What is called resignation is confirmed desperation. —Henry David Thoreau (1817-1862), in Walden, “Economy”
FINALLY, the power of public opinion has forced Benjamin Abalos to resign from the Commission on Elections (Comelec). His lawyer said it was an “agonizing decision” for Abalos.
But certainly, there was no other way for Abalos but to go. He is just too controversial to remain effective at the Comelec and too hot a potato for his friends in Malacañang. In fact, his resignation serves his friends in Malacañang well, in light of the belief that a full-blown impeachment trial at the House of Representatives could reverberate right up to the pillars across Pasig River.
Abalos’s departure from the Comelec is probably good for all of us. His tenure at the Comelec had been a stormy period; controversy marred his important election-related responsibilities as chairman of the Comelec—election computerization (read: the controversial Mega-Pacific deal), the 2004 fraud-ridden presidential election, and the loss of election returns in Maguindanao in the recent midterm election, among many others.
The ongoing investigation at the Senate shows that Abalos has really spent a great deal of quality time with ZTE. That seems to prove that his skills may lie elsewhere, outside the Comelec—including brokering for private and foreign interests.
He was so “good” at it that he got the national broadband network (NBN) onto the signing table in China despite all the technical, financial and economic issues against the deal. He was so good at it that the Senate is currently wondering how we could undo the close to a billion-dollar deal that people must pay with tax money in the next 20 years.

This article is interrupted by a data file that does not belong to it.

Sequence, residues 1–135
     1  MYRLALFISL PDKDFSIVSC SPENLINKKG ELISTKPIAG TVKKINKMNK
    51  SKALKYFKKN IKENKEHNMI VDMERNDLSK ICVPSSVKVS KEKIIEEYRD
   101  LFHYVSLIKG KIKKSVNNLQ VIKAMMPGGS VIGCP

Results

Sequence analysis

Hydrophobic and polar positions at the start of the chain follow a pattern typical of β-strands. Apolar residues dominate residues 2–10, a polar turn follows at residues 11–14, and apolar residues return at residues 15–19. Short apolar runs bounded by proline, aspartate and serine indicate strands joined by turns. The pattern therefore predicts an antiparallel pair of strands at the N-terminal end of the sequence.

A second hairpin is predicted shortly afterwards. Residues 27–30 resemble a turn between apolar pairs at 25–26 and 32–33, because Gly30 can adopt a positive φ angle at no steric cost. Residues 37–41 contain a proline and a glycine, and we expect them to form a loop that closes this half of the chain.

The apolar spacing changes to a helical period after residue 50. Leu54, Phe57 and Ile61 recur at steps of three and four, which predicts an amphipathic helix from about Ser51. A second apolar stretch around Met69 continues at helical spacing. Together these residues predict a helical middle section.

Now that he is free of his “public service” duties, the chairman could now devote himself to, besides defending himself against accusations of wrongdoing, the private deals that friends ask him to have a hand in. And certainly, he needs all the time and energy to defend himself in the courts of law.
For one, the ongoing investigation at the Senate may earn him lawsuits for possible malfeasance. For all the complaints about grandstanding and idiotic grilling by some lawmakers, the fact is that there have been inquiries in the past when the panel reports led to the filing of formal charges in the proper courts. There’s no reason why this cannot be done with this one—and the accused to include not just Abalos, but possibly, the executives of the implementing agency, the Transportation department, who actively pushed the NBN despite the questions surrounding it.
The Abalos resignation and the ongoing investigation by the Senate on the NBN deal is part of that process we need to purge our political system of undesirable characters, policies and processes. We need this purging to improve our standing in the international community.
A few days ago, Transparency International released its survey saying the Philippines ranked among the most corrupt places in terra firma. Unless we start posting good results in surveys like this, the outside world, especially foreign investors, are not going to take us seriously—not even after Amando Tetangco Jr., Bangko Sentral governor, announced the other day we have the best “fundamentals” in the last 10 years.